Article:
• 360-298-1939
  • info@fhff.org
  • Oct. 26-28 2018


Direc­tor: James Red­ford

Nom­i­nat­ed for the Cleve­land Inter­na­tion­al Film Festival’s Greg Gund Memo­r­i­al Stand­ing Up Award and the Social Jus­tice Award

This doc­u­men­tary explores new devel­op­ments from med­ical research, show­ing how adverse child­hood expe­ri­ences can be linked to destruc­tive behav­ior and seri­ous med­ical prob­lems such as heart dis­ease that show up lat­er in life.  Researchers have recent­ly dis­cov­ered a dan­ger­ous bio­log­i­cal syn­drome caused by abuse and neglect dur­ing child­hood.

This form of tox­ic stress trig­gers hor­mones that wreak hav­oc on the brains and bod­ies of chil­dren, putting them at a greater risk for dis­ease, home­less­ness, prison time, and ear­ly death. Resilience is not all gloom and doom, how­ev­er; the film also chron­i­cles the dawn of a move­ment that is deter­mined to fight back. Trail­blaz­ers in pedi­atrics, edu­ca­tion, and social wel­fare are using cut­ting-edge sci­ence and field-test­ed ther­a­pies to pro­tect our youth from the insid­i­ous effects of the dark lega­cy of an unhap­py child­hood that no child would choose.

A pan­el dis­cus­sion by experts will fol­low this film.

Released in 2016

60 min­utes

Things to Con­sid­er


Panel Discussion

Pan­el dis­cus­sion of “Resilience” after each screen­ing, 11/4 — 1pm at the Grange and 11/5 — 10am at Brick­works.

Pan­elist Bios 

Tere­sa Tilton, MS, LMHC
Tere­sa holds a Master’s degree in Coun­sel­ing from Mis­souri State Uni­ver­si­ty and is a Licensed Men­tal Health Coun­selor with the state of Wash­ing­ton. She has been a ther­a­pist for over 14 years and spe­cial­izes in work with chil­dren and ado­les­cents. Tere­sa has been prac­tic­ing in Fri­day Har­bor, Wash­ing­ton for the last 4 years by coor­di­nat­ing a play ther­a­py pro­gram in Fri­day Har­bor Ele­men­tary School and uti­liz­ing her skills in the pri­vate prac­tice set­ting.  Due to the increase in the ACES seen in the school set­ting, Tere­sa now has a new posi­tion through Com­pass Men­tal Health as a School-Based Ther­a­pist, serv­ing Fri­day Harbor’s ele­men­tary, mid­dle and high schools.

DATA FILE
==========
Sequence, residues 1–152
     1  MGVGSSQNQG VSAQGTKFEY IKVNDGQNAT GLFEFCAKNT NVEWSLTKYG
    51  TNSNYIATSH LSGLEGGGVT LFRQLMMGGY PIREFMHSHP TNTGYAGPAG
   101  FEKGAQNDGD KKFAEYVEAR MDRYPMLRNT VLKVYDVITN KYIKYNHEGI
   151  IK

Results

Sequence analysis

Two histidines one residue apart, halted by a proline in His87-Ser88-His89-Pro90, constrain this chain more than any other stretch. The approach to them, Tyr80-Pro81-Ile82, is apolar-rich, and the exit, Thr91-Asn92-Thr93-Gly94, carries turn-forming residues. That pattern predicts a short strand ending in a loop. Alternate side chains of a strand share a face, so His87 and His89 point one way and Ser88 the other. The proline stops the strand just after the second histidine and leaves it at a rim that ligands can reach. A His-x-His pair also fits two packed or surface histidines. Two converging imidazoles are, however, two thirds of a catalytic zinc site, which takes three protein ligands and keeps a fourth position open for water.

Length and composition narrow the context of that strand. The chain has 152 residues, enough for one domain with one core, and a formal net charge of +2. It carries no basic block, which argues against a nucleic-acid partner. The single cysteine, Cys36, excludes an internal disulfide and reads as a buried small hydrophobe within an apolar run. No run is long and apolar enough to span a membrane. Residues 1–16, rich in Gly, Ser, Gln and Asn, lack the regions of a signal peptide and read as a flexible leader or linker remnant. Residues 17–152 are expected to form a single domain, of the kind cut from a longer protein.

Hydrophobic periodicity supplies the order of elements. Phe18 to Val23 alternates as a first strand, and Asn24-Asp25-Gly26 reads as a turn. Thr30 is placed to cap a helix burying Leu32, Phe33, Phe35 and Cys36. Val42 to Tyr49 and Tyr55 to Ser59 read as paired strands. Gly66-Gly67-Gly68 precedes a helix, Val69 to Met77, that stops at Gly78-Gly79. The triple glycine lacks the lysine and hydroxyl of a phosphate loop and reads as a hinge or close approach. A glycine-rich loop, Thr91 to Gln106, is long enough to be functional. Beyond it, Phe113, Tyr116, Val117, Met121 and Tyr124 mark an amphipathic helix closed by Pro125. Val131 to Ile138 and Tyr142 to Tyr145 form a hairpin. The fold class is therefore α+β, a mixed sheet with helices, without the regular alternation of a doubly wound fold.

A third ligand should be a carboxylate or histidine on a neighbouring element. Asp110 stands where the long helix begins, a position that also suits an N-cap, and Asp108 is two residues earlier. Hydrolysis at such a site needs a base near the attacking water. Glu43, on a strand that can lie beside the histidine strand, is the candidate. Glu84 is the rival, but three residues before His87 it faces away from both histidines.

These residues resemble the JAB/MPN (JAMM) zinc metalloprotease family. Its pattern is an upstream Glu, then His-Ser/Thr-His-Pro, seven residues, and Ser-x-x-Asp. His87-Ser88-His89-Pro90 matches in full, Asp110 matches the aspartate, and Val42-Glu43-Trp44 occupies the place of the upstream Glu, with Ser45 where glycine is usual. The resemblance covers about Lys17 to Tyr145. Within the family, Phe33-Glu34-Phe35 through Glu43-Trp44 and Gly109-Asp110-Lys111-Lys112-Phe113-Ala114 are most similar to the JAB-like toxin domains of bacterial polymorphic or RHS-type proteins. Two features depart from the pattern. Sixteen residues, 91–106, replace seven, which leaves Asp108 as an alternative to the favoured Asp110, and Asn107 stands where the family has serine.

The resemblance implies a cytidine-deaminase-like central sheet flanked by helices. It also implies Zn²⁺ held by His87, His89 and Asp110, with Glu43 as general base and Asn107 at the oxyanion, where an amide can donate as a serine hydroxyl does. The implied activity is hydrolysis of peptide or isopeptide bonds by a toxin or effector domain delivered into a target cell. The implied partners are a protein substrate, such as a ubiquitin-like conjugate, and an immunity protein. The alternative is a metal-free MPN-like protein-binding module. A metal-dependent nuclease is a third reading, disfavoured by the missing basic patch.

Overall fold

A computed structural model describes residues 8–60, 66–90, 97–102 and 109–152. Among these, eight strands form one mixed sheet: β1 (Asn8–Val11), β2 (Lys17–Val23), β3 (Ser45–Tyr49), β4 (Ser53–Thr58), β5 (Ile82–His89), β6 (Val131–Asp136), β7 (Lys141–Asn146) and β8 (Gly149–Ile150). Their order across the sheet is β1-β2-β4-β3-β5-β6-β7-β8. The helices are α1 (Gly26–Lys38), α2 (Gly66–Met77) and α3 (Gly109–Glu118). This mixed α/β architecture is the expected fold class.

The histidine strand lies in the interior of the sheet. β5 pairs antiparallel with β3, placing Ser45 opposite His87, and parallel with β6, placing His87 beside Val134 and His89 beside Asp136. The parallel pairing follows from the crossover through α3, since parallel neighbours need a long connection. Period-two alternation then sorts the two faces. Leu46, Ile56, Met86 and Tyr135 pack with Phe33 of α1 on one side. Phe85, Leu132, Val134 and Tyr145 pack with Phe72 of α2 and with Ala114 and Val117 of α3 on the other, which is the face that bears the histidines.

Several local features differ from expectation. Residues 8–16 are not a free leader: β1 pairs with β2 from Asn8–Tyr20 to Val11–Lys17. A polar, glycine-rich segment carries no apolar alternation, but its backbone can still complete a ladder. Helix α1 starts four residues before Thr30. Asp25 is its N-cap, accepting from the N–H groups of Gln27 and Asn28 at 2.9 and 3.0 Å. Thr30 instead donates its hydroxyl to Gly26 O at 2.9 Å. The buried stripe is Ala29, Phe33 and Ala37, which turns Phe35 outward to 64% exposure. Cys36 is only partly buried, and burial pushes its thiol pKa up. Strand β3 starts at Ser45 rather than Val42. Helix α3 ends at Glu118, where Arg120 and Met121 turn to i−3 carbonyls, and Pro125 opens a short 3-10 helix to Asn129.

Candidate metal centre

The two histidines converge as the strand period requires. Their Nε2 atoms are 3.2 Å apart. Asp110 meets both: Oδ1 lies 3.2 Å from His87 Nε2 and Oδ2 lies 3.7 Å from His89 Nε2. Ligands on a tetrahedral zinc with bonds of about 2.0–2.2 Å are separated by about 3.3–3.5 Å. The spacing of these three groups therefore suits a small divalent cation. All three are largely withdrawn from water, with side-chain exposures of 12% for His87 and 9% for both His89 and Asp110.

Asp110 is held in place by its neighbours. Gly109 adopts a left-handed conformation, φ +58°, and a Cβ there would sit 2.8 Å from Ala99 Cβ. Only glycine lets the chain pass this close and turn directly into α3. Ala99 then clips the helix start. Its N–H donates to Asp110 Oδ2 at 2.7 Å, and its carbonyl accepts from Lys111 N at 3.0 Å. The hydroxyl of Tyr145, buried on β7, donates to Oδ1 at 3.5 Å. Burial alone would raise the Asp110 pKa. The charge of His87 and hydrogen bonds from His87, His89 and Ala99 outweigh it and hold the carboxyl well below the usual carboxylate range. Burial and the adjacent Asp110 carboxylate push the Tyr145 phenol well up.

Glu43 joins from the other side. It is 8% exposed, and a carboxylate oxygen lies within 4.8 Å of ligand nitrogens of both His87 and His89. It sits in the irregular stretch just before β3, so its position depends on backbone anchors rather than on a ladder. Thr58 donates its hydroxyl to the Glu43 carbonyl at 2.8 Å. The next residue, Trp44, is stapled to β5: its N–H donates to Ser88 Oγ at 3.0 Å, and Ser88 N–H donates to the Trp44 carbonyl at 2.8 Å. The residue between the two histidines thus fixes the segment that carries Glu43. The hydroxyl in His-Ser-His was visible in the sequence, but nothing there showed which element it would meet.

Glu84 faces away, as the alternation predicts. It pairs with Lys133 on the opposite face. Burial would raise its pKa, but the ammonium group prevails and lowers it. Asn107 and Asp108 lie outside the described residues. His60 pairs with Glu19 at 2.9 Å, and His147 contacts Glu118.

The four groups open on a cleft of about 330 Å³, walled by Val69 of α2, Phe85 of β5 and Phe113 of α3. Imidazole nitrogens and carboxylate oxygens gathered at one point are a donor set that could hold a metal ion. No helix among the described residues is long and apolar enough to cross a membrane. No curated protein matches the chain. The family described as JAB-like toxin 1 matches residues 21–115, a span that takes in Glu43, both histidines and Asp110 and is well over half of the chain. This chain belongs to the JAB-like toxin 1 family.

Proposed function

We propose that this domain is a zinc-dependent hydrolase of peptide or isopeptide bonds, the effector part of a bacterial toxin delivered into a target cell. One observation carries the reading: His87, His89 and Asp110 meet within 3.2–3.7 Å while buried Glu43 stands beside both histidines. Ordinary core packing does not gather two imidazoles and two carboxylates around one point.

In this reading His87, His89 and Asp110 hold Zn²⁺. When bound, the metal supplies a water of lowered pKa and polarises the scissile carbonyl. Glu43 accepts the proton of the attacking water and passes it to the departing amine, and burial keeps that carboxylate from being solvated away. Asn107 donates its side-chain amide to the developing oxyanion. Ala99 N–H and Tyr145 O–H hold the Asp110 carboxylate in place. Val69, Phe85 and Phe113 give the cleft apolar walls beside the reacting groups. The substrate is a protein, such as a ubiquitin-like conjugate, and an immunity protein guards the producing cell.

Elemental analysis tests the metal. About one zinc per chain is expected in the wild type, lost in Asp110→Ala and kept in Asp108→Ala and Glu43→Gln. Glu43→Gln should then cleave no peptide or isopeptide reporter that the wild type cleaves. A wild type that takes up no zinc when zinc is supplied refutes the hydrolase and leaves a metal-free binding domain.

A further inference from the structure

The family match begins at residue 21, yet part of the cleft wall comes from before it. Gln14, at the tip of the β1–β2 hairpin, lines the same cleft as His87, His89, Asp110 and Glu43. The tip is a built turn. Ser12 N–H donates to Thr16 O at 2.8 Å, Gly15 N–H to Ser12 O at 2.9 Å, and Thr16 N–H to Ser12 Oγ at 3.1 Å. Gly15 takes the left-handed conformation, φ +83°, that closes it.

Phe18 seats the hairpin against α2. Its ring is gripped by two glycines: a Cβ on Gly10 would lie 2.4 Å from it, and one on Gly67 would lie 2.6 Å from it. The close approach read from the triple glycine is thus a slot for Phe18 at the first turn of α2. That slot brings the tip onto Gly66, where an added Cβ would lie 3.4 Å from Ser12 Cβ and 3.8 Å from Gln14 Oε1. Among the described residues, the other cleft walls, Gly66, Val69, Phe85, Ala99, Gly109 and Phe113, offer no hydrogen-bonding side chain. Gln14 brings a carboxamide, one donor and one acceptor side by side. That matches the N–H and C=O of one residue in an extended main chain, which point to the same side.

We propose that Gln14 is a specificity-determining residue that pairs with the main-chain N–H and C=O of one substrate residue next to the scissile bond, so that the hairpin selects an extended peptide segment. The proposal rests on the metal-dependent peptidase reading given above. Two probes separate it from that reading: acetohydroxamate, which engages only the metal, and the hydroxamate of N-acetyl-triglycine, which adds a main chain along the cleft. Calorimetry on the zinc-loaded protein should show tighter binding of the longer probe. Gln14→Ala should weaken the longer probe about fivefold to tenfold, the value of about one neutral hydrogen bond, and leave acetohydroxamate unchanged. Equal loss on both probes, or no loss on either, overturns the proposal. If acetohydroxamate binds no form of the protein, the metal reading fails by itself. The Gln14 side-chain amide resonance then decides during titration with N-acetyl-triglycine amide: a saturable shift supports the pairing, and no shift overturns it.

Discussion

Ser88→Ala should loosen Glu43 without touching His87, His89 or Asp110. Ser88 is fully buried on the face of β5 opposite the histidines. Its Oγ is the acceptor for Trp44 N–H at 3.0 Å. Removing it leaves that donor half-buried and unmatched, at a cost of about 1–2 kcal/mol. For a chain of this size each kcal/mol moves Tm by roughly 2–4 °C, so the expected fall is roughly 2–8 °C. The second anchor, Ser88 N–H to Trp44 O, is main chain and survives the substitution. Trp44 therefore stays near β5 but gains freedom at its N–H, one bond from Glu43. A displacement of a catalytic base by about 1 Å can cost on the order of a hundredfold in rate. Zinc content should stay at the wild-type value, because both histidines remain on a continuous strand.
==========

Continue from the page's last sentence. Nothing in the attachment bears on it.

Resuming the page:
Frank James, MD
Dr. Frank James has served as the Health Offi­cer for San Juan Coun­ty Health & Com­mu­ni­ty Ser­vices for over twen­ty years. He is a prac­tic­ing physi­cian in Belling­ham, WA in com­mu­ni­ty-based and trib­al clin­ic set­tings, and serves on the fac­ul­ty of Uni­ver­si­ty of Wash­ing­ton School of Med­i­cine. Dr. James has been instru­men­tal in inte­grat­ing behav­ioral and men­tal health into phys­i­cal prac­tice, with the frame­work of reduc­ing Adverse Child­hood Expe­ri­ences (ACES) and pro­mot­ing resilience in chil­dren and fam­i­lies. In addi­tion to inte­grat­ing ACES pre­ven­tion into the pri­ma­ry prac­tice set­ting, Dr. James has led research stud­ies on ACES and resilience in orphans liv­ing in India.

Bar­bara Gur­ley
Bar­bara Gur­ley is the Exec­u­tive Direc­tor of the Lopez Island Fam­i­ly Resource Cen­ter.  Through pre­vi­ous work with Office of Super­in­ten­dent of Pub­lic Instruc­tion (OSPI), she attend­ed numer­ous ACES and Com­pas­sion­ate Schools train­ings and saw the pow­er and poten­tial of this work. After mov­ing to Lopez Island, Bar­bara worked with OSPI to bring two com­mu­ni­ty-wide ACES train­ings, and two viewings/discussions about the movie, “Paper Tigers,” a film about a Yaki­ma school’s response to ACES. The Lopez com­mu­ni­ty want­ed to con­tin­ue, so nine days of events called “Com­pas­sion Lopez — Cul­ti­vat­ing Kind­ness,” were held in April 2017. Plan­ning is under­way for more events on Lopez in Jan­u­ary 2018.

Jen­nifer Arm­strong
Jen­nifer Arm­strong has served as Direc­tor of the San Juan Island Fam­i­ly Resource Cen­ter since 2013.  Before mov­ing to San Juan Island, Jen­nifer worked in a range of health, social ser­vice and edu­ca­tion­al posi­tions.  She began her pro­fes­sion­al career in New York City, work­ing with home­less pop­u­la­tions in the Bow­ery, as an Art Ther­a­pist and Psy­chi­atric Case Man­ag­er at Mt. Sinai-St. Luke’s Hos­pi­tal, and as Direc­tor of Children’s Ser­vices for Hart­ley House, the old­est social ser­vices cen­ter in Times Square. After re-locat­ing to the West Coast, she spent twelve years at Children’s Hos­pi­tal Los Ange­les devel­op­ing and direct­ing a nation­al­ly-rec­og­nized Art & Music Ther­a­py Depart­ment.  She holds a B.A. in Psy­chol­o­gy from U.C.L.A. and a M.A. in Clin­i­cal Art Ther­a­py from New York Uni­ver­si­ty.  At the Fam­i­ly Resource Cen­ter, she par­tic­u­lar­ly enjoys work­ing with a diverse range of clients, col­lab­o­rat­ing with oth­er local agen­cies and being able to take cre­ative approach­es to devel­op­ing pro­grams and ser­vices that meet the needs of our unique island com­mu­ni­ty. 


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